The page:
All that being said, Lollipop still doesn’t feel like it’s been properly optimized for tablets. Even the notification bar that I praised earlier still feels a bit weird coming down so narrowly. It’s nothing that holds back the software experience with the Nexus 9, but it does still feel like a missed opportunity without any real multitasking or tablet-only features.

Also, I’d be remiss if I didn’t mention the fact that performance on the Nexus 9 was good, but not perfect. All the animations and proprietary actions feel quick and snappy, but opening apps was still a little slower that I would have liked, and I noticed the system stutter occasionally with heavier apps like Hearthstone.


The Nexus 9 feels like a solid update to the Nexus 7. It runs stock Android Lollipop, which has remade itself into the best-designed mobile operating system in the world. The real problem with the Nexus 9 is that it’s priced somewhere between the iPad mini 3 and iPad Air 2—two devices that have an incredibly premium look and feel. The fact that I’d still be much more willing to recommend the $299 iPad mini 2 to most people over this device is telling enough.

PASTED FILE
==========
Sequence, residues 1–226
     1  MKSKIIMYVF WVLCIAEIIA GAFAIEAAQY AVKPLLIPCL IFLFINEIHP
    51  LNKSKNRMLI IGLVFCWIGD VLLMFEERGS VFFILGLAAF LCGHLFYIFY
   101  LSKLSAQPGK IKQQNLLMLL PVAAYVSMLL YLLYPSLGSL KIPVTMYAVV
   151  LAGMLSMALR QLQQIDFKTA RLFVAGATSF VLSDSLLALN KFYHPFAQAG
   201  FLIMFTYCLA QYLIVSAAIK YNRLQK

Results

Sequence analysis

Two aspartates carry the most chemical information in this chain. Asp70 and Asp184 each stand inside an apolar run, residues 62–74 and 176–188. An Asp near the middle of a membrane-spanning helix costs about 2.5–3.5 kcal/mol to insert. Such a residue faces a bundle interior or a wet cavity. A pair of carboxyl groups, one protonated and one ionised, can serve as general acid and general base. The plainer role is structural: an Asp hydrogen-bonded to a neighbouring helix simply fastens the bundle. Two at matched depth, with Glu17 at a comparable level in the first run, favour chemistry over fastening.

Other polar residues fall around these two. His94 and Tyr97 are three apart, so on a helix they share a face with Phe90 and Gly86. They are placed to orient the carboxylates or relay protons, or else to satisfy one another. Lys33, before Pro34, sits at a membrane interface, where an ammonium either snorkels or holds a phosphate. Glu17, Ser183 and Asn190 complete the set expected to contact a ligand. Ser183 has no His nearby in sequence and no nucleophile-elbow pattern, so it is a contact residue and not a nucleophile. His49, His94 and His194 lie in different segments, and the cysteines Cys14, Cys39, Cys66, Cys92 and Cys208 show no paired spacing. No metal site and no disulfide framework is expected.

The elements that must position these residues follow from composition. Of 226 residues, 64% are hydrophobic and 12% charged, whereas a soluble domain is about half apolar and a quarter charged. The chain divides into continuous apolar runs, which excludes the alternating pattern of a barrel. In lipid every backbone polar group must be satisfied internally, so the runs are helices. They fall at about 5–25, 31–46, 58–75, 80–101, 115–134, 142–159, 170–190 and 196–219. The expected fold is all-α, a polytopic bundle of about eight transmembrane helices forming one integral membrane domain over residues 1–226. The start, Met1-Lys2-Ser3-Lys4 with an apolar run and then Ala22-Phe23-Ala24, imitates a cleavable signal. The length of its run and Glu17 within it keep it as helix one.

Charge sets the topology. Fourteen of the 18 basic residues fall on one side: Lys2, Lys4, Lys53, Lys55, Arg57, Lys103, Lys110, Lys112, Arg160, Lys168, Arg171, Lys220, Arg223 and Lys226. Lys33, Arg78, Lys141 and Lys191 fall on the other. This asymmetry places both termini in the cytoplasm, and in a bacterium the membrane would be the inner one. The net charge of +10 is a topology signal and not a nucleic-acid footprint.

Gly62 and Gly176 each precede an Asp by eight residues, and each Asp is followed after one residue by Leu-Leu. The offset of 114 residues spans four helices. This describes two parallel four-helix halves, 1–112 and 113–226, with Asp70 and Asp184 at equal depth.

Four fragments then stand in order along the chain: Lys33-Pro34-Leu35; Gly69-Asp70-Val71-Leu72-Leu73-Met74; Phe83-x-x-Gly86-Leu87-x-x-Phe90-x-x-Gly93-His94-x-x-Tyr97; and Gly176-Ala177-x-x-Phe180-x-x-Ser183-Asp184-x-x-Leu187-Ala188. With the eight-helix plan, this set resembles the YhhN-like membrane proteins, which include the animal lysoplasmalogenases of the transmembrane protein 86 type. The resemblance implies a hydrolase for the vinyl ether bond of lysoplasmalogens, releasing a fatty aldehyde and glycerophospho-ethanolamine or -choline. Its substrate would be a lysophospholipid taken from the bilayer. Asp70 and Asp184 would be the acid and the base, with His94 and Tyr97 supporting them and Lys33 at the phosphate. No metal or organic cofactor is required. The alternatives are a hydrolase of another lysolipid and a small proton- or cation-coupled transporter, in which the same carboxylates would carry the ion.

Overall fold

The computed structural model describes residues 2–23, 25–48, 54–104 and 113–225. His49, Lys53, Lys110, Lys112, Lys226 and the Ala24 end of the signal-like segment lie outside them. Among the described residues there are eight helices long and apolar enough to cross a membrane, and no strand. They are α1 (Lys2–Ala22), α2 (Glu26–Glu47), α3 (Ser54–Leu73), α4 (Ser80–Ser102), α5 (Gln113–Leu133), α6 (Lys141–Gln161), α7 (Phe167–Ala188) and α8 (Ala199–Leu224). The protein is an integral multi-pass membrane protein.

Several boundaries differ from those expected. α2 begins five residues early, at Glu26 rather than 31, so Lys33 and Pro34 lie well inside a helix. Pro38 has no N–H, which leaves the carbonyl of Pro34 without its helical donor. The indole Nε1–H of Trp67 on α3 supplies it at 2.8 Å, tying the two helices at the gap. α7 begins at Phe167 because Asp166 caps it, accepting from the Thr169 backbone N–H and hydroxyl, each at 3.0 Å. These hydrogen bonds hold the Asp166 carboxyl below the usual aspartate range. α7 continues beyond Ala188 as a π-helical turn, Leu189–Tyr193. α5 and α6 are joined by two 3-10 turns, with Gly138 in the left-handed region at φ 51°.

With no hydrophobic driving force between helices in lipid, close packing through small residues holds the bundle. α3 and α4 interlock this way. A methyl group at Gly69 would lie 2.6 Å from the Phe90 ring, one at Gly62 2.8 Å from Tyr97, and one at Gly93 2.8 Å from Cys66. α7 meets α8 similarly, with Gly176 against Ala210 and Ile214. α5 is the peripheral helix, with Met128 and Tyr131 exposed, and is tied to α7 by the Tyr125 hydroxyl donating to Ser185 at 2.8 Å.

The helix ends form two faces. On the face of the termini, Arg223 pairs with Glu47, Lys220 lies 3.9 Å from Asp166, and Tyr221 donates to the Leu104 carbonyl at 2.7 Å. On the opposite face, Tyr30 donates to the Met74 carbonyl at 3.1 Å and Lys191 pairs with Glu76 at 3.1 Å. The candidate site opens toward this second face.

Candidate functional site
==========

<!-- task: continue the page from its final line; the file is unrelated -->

The good news for the Nexus 9 is that even if doesn’t quite have the design pedigree or build quality to compete at the $399 price point, neither do many other 9 or 10-inch Android tablets on the market. The 8-inch Nvidia Shield Tablet is our highest recommended Android tablet from 2014, which comes in at a fantastic $299 price point. If you can handle not having Lollipop for awhile, it’s a really good alternative to the Nexus 9.

If Google or HTC could figure out how to put together a killer product that felt as good on the outside as the software experience feels, I’d happily leave my iPad behind for Lollipop alone. But as of now, the Nexus 9 is bound to be a good tablet, but one made only for a small contingency of Android lovers.

Nexus 9 Review: Google Takes on the iPad